I thought in the last 3/4 year as a Punch lease holder I was either going mad or going to top myself. Thank god I met a BRM who listened to my plight and helped us to get out, I owe him my life and my sanity.

    I wish those not so fortunate as I was the very best and really hope there is a way to for you all to have a future in or out of Punch.

    Colin

  4. Hugh Price says:

    Punch and Enterprise would never have come into existance were it not for a previous Conservative government bringing in the crazy Beer Orders legislation, which quickly precipitated the breakup of the big brewers’ estates, which had on the whole been extremely well-managed by the likes of Bass and Whitbread.

    To this day it still beggars belief that the misguided politicians involved in drafting this legislation, headed by Lord Young (who was berated in the Lords a few months ago when said of the UK economy that ‘We’ve never had it so good’) brought in a law which prevented the big brewers from tying more than 2,000 pubs to their beers and yet allowed the new Pubcos to tie unlimited numbers of pub tenants to their sky-high range of drinks when they didn’t brew a drop of beer between them.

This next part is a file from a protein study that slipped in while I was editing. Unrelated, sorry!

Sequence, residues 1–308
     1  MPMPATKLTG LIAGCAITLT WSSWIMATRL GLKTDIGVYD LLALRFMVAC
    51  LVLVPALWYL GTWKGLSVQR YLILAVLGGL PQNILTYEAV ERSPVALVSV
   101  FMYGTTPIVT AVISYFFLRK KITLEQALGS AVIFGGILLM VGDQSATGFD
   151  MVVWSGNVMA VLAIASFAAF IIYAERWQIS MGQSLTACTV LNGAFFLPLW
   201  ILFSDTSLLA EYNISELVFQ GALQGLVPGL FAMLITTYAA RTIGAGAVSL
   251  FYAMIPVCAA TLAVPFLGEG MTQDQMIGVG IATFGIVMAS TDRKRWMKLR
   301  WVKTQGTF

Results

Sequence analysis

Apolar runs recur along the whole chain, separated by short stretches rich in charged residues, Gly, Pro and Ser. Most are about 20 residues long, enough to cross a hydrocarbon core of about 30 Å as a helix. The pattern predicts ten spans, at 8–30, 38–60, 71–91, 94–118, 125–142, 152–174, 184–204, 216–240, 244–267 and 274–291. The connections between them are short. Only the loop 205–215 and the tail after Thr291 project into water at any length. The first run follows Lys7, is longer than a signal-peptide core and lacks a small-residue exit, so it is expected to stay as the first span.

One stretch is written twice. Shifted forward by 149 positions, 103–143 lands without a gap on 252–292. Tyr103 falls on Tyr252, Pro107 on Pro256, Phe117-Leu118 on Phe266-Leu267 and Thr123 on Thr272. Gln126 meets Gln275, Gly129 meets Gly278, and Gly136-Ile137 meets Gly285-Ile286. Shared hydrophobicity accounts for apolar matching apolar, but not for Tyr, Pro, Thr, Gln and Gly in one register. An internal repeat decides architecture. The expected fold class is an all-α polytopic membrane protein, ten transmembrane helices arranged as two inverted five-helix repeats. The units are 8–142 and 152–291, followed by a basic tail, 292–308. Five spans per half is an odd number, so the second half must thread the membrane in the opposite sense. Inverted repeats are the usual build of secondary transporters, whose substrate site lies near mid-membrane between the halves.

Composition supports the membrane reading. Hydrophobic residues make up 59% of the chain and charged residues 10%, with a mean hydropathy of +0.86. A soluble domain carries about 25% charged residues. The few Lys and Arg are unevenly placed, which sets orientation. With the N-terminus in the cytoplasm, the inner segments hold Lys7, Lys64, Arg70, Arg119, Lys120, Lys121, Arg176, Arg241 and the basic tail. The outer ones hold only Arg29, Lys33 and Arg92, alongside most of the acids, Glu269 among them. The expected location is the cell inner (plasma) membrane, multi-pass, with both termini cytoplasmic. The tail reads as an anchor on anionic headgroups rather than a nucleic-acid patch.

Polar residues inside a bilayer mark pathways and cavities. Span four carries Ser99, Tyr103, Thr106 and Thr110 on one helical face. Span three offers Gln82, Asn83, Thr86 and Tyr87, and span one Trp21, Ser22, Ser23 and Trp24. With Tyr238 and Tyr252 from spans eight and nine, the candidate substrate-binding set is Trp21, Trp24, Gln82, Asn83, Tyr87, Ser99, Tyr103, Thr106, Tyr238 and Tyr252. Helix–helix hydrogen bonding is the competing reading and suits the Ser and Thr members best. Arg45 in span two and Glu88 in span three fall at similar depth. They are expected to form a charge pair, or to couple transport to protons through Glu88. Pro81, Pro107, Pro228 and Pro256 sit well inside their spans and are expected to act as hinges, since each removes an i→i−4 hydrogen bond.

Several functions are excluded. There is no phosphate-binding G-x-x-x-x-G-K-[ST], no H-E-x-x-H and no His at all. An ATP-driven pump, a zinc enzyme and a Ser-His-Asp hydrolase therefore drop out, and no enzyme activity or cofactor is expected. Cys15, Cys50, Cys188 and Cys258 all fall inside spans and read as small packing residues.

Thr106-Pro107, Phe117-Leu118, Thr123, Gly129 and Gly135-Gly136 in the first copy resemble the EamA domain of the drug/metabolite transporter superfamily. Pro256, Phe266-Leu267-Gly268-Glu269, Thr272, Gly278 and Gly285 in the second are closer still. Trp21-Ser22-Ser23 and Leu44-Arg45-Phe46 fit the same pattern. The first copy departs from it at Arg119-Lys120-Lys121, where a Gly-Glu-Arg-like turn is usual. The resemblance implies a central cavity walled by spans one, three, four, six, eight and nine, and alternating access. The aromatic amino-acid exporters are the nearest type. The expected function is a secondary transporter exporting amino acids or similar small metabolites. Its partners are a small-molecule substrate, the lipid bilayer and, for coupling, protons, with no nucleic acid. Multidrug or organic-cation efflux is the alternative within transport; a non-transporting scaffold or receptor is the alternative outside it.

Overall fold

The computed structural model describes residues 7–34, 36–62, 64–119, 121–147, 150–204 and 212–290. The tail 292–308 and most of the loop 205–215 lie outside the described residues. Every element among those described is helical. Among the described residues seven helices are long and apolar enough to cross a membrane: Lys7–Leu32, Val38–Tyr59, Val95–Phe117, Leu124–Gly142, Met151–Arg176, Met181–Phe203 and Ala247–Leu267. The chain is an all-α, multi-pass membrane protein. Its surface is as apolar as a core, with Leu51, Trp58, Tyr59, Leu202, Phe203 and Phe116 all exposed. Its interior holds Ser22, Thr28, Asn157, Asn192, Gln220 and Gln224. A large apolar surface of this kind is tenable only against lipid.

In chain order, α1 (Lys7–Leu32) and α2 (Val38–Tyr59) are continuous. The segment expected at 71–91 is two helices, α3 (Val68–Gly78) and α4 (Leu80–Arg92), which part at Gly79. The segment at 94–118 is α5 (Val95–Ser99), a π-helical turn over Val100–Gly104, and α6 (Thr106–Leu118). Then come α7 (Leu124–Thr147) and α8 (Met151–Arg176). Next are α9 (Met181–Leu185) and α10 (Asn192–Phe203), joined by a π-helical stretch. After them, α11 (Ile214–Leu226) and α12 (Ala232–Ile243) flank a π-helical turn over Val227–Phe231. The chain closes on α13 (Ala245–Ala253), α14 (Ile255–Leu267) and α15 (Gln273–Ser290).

Madness !
    And let us not forget that CAMRA played a big part in lobbying the government to introduce the disastrous Beer Orders.

    I criticised CAMRA in a letter in What’s Brewing at the time saying that all that this legislation would achieve would be much worse pub landlords and that the big brewers such as Bass, which had legally built up an enviable estate of over 9,000 pubs, should not be trampled on by retrospective legislation and should be allowed to tie all iof their current pubs, thereby protecting the many thousands of jobs in the pubs and at their Burton brewery.